The world’s first synthetic organ transplant  this past week was exciting news, indeed. Amid the more usual tales of doom’n’gloom, this event lifted the spirits. Beyond the obvious triumph of science and technology is another notable feature – its global nature.
The operation to transplant the windpipe was conducted in Sweden’s Karolinska University Hospital. The lead surgeon was an Italian, Paolo Macchiarini. The trachea was made by scientists at University College in London under the leadership of Alex Seifalian. The recipient was a 36-year old African from Eritrea now living in Iceland and studying for a PhD.
I don’t know of Dr Seifalian’s origins but his team at UCL’s Division of Surgery and Interventional Science has names like Burriesci, Ogunbiyi, Keshtgar, Loizidou, Patkar and Thune-Boyle. And, yes, there’s a Welch, a Williams, a Davidson and a Cousins.
Dr Macchiarini is now chairman of the Hospital Clinic at Spain’s University of Barcelona and a professor of surgery at the Hannover Medical School in Germany. He had previously completed fellowships at the University of Alabama and Paris-Sud University.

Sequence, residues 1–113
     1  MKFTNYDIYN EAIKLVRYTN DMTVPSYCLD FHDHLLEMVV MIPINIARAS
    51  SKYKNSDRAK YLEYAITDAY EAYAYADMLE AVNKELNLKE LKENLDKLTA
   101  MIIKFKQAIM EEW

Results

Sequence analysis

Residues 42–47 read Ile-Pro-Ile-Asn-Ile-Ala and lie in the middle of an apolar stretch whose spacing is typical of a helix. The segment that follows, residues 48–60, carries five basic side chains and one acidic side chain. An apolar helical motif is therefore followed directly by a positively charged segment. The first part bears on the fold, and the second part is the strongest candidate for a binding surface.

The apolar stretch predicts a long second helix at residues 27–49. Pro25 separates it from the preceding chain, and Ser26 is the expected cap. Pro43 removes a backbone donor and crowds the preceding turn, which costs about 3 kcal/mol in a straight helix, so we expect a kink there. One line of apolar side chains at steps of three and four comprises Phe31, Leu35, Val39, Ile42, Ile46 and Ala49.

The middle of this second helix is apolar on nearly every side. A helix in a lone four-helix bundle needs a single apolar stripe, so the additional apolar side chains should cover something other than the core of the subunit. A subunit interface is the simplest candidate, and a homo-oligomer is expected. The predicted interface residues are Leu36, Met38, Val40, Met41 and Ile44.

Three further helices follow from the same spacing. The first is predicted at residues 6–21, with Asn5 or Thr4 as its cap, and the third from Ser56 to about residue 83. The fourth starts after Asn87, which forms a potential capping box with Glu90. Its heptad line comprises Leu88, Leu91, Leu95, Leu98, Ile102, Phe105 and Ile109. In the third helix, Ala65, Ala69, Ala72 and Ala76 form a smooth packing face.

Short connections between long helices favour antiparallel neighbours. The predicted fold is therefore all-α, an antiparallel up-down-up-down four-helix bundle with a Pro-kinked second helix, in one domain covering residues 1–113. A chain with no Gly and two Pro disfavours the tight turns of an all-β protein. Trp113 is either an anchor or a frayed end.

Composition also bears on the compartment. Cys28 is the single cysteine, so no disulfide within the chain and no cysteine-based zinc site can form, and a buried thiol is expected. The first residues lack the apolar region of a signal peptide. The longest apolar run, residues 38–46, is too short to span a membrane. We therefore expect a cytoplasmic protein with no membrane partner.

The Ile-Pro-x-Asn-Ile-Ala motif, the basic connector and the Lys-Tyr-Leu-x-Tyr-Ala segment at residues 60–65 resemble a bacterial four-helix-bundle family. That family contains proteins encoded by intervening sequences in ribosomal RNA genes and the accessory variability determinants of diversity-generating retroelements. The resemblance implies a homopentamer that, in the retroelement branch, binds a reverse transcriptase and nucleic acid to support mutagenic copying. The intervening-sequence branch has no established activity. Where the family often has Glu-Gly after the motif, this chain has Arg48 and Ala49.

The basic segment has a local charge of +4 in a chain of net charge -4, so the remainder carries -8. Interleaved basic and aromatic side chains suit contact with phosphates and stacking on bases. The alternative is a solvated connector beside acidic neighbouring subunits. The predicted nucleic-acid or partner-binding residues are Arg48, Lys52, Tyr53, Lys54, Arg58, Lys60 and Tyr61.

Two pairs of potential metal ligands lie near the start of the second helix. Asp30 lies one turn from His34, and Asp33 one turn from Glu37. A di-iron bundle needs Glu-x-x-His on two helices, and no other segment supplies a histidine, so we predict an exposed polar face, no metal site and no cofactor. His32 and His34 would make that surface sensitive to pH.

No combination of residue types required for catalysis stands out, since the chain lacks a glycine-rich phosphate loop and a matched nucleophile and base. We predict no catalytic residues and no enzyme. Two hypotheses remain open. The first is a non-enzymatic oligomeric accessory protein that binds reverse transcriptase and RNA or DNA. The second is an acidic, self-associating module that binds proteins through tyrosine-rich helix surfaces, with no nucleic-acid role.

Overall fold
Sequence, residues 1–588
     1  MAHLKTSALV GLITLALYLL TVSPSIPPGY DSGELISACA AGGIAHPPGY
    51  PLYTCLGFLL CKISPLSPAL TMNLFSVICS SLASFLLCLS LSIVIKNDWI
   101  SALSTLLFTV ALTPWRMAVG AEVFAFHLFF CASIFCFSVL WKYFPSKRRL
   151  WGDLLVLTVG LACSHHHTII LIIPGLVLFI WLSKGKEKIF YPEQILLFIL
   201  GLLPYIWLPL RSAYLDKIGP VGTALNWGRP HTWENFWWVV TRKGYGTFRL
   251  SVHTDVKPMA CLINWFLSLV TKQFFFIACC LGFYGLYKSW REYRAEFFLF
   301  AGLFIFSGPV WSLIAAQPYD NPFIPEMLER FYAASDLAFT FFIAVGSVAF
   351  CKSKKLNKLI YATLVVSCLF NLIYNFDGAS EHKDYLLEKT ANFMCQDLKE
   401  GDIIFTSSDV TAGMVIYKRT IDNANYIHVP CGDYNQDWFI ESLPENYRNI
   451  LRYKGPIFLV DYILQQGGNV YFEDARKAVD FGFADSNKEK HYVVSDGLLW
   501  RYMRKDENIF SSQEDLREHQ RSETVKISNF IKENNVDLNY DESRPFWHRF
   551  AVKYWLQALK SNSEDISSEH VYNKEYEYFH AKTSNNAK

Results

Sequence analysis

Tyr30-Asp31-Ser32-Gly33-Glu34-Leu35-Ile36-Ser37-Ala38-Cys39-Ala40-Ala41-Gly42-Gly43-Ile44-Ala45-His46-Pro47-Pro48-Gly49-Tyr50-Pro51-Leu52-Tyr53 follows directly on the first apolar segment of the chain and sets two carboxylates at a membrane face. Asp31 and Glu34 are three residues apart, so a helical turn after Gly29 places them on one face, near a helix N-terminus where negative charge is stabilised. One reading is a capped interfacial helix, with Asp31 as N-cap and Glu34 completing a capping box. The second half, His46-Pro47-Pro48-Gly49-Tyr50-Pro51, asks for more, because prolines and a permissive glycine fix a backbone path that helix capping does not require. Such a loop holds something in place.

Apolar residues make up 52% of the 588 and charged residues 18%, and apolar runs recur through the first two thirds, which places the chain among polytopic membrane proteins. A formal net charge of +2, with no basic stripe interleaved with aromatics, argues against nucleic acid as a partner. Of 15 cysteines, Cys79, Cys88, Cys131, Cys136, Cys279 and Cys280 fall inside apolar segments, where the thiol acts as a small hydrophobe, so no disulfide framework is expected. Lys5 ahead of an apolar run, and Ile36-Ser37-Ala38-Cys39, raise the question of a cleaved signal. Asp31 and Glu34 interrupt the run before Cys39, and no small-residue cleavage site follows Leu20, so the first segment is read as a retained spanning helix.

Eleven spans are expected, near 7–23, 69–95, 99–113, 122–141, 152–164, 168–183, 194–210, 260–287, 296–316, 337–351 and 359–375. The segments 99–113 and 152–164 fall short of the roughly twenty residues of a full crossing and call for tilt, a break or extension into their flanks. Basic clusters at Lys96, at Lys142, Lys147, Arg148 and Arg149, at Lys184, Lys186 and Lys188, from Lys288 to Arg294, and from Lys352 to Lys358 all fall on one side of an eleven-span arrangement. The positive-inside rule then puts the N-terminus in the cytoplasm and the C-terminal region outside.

A key component of the equipment to create the synthetic organ was made by researchers at Harvard Bioscience in Holliston, Massachusetts. No doubt, there were scores of other people and bits of equipment from all over the world involved in this landmark achievement.
All in all, a great global enterprise and a salutary lesson to any policymaker seeking to throttle (sorry, about that) the free flow of people, ideas and initiative. No formal government policy could ever bring together such a disparate range of talent.
Just let the gifted, the ambitious and the imaginative get on with whatever they want, wherever they want, with whomever they choose. We’ll all be better off.